Fifteen-hundred people from Minnesota’s faith communities attended the Do Justice Conference with Bryan Stevenson presented by Transform Minnesota on November 8, and An Evening with Bryan Stevenson later that evening.
Stevenson is an acclaimed civil rights attorney, founder of the Equal Justice Initiative, and author of Just Mercy.
His words will continue to echo in my mind for years to come…
He gave two addresses to a packed sanctuary at Christ Presbyterian Church on the need for Americans to pursue racial justice and reconciliation in our country, which has been marred by a history of racial terror and injustice.
“Our nation needs a truth and reconciliation process. As people of faith, you’ve got to have the truth first, before you get to the reconciliation,” Stevenson said. “My prayer is that we will be truth tellers when it comes to confronting this reality that we see around us, that it will lead us to get proximate, change narratives, stay hopeful, and do uncomfortable things.”
May this gathering propel us toward greater unity as one church and greater shalom in our communities
“Bryan Stevenson spoke with power, authority, humility, and hope. His words will continue to echo in my mind for years to come. I am thankful for the opportunity to sit under his teaching,” said Cesar Castillejos, Hope Church in Richfield.
“It was so encouraging to see so many faith community leaders from all over the Twin Cities at the Do Justice Conference. May this gathering propel us toward greater unity as one church and greater shalom in our neighborhoods and communities,” said Pastor T.C. Moore, Roots Covenant Church in St. Paul.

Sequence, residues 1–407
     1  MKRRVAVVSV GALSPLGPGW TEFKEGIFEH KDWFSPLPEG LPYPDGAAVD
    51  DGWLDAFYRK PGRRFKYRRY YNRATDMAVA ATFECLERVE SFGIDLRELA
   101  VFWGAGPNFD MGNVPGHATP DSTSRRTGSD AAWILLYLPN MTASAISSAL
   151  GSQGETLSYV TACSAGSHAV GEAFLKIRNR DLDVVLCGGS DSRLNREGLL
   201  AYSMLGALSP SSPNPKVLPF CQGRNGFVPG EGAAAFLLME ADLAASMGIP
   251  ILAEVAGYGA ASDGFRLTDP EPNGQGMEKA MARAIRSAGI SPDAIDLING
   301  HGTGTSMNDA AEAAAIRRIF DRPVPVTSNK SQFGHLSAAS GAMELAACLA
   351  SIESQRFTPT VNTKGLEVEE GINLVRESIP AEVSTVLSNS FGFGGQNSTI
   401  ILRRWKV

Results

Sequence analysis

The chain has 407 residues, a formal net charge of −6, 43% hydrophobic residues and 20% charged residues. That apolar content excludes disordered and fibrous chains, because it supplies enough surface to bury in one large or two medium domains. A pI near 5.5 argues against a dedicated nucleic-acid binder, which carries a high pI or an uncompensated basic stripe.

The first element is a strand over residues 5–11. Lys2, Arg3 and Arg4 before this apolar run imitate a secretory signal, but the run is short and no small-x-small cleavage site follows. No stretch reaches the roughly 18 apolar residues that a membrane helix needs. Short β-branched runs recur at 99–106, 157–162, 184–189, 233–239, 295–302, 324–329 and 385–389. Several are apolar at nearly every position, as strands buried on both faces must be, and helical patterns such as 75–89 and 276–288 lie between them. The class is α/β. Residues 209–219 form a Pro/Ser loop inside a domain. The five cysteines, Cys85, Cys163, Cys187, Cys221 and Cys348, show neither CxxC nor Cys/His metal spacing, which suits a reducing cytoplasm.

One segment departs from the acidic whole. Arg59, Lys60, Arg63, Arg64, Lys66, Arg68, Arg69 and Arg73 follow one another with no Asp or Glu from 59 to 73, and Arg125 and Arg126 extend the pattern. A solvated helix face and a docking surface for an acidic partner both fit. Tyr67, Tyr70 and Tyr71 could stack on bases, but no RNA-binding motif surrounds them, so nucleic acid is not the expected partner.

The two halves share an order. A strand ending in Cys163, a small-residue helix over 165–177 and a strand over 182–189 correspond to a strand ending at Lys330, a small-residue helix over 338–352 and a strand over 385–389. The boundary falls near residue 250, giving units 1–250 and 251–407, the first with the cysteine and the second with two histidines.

…the reason why we need to work on reconciliation, because God is about justice.
The Do Justice Conference started with a biblical framework for why God is on a mission for justice in our world, presented by Dr. Kenneth Young, Systematic Theology professor at University of Northwestern St. Paul.
“Justice is the order that existed in creation before the fall of sin. We messed it up, so now God is about fixing it. Justice is the end game. It’s the target, it’s the place where God is putting the world back together. That’s the reason why we need to work on reconciliation, because God is about justice,” said Dr. Young.
“Dr. Young brought his message so that all could understand and learn, no matter what level of experience someone had in studying the Bible,” said Marsha, a Tree House Volunteer.
we’ve got to commit ourselves to get close to the poor, the neglected, the incarcerated, the condemned, those who are suffering.
Dr. Young pointed to Paul’s letter to the Ephesians as a vision for a new humanity.
“That’s the reason we need to do racial reconciliation; it’s a call of blessing of mind, of purpose, of thinking so that we can become a new humanity. That’s the mission of God,” said Dr. Young.
Later in the keynote address, Bryan Stevenson shared how the Apostle Paul inspires his work of defending prisoners on death row, and poor people who are incarcerated.
“Somebody’s got to be advocating for the Saul’s of the world, so that they can become the Pauls that we need to hear from,” said Stevenson.
“If we want to do justice, we’ve got to commit ourselves to get close to the poor, the neglected, the incarcerated, the condemned, those who are suffering. Our faith comes to life in proximity to the poor,” said Stevenson.
“It was such an incredible reminder of our need to get proximate to those on the margins and wake up to the narratives I know are installed in my own mind.
Injustice prevails where hopelessness persists. Your hope is your super power…
Let’s be hopeful that God is going to do a work in this community in the Twin Cities,” said David Morrow, Union Gospel Mission Twin Cities.
Stevenson encouraged the Church to work to change the narratives of our society and to stay hopeful.
“Fear and anger are the essential ingredients for injustice and oppression,” said Stevenson. “Injustice prevails where hopelessness persists. Your hope is your super power.”
“Stevenson’s message really pulled at my heartstrings to reach out and touch individuals and make them real people,” said Rev. Michael Gonzalez, St. James AME Church.
Stevenson challenged people of faith need to position themselves in inconvenient and uncomfortable places.
“We’re called to be a community of broken people put together by God’s love and grace, and position ourselves near those who are suffering.”